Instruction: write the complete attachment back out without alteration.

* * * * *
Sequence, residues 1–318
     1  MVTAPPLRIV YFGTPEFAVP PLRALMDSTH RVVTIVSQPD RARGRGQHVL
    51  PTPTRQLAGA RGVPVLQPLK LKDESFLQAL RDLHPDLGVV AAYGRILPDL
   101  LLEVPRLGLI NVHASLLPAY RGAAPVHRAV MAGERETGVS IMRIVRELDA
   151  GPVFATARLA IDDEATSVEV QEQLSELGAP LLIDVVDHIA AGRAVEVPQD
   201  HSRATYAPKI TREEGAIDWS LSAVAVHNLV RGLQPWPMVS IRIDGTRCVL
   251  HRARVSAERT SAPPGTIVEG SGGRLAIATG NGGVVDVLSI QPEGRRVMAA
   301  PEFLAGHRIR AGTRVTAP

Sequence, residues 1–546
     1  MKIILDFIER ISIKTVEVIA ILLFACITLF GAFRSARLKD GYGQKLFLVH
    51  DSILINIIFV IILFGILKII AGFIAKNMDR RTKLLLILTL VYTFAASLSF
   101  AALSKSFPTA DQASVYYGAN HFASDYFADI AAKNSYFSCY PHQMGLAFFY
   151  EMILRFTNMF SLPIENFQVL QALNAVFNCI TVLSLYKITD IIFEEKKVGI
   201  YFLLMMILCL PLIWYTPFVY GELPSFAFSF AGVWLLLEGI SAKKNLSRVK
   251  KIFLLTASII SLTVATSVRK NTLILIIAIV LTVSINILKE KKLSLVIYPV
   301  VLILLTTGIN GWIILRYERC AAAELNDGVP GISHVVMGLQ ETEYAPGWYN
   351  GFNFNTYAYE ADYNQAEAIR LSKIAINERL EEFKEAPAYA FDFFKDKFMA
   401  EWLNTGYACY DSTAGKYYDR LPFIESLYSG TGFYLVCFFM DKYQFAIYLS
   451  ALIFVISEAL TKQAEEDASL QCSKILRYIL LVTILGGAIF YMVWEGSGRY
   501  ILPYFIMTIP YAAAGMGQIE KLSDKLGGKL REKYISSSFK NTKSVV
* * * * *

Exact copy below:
Sequence, residues 1–318
     1  MVTAPPLRIV YFGTPEFAVP PLRALMDSTH RVVTIVSQPD RARGRGQHVL
    51  PTPTRQLAGA RGVPVLQPLK LKDESFLQAL RDLHPDLGVV AAYGRILPDL
   101  LLEVPRLGLI NVHASLLPAY RGAAPVHRAV MAGERETGVS IMRIVRELDA
   151  GPVFATARLA IDDEATSVEV QEQLSELGAP LLIDVVDHIA AGRAVEVPQD
   201  HSRATYAPKI TREEGAIDWS LSAVAVHNLV RGLQPWPMVS IRIDGTRCVL
   251  HRARVSAERT SAPPGTIVEG SGGRLAIATG NGGVVDVLSI QPEGRRVMAA
   301  PEFLAGHRIR AGTRVTAP

Sequence, residues 1–546
     1  MKIILDFIER ISIKTVEVIA ILLFACITLF GAFRSARLKD GYGQKLFLVH
    51  DSILINIIFV IILFGILKII AGFIAKNMDR RTKLLLILTL VYTFAASLSF
   101  AALSKSFPTA DQASVYYGAN HFASDYFADI AAKNSYFSCY PHQMGLAFFY
   151  EMILRFTNMF SLPIENFQVL QALNAVFNCI TVLSLYKITD IIFEEKKVGI
   201  YFLLMMILCL PLIWYTPFVY GELPSFAFSF AGVWLLLEGI SAKKNLSRVK
   251  KIFLLTASII SLTVATSVRK NTLILIIAIV LTVSINILKE KKLSLVIYPV
   301  VLILLTTGIN GWIILRYERC AAAELNDGVP GISHVVMGLQ ETEYAPGWYN
   351  GFNFNTYAYE ADYNQAEAIR LSKIAINERL EEFKEAPAYA FDFFKDKFMA
   401  EWLNTGYACY DSTAGKYYDR LPFIESLYSG TGFYLVCFFM DKYQFAIYLS
   451  ALIFVISEAL TKQAEEDASL QCSKILRYIL LVTILGGAIF YMVWEGSGRY
   501  ILPYFIMTIP YAAAGMGQIE KLSDKLGGKL REKYISSSFK NTKSVV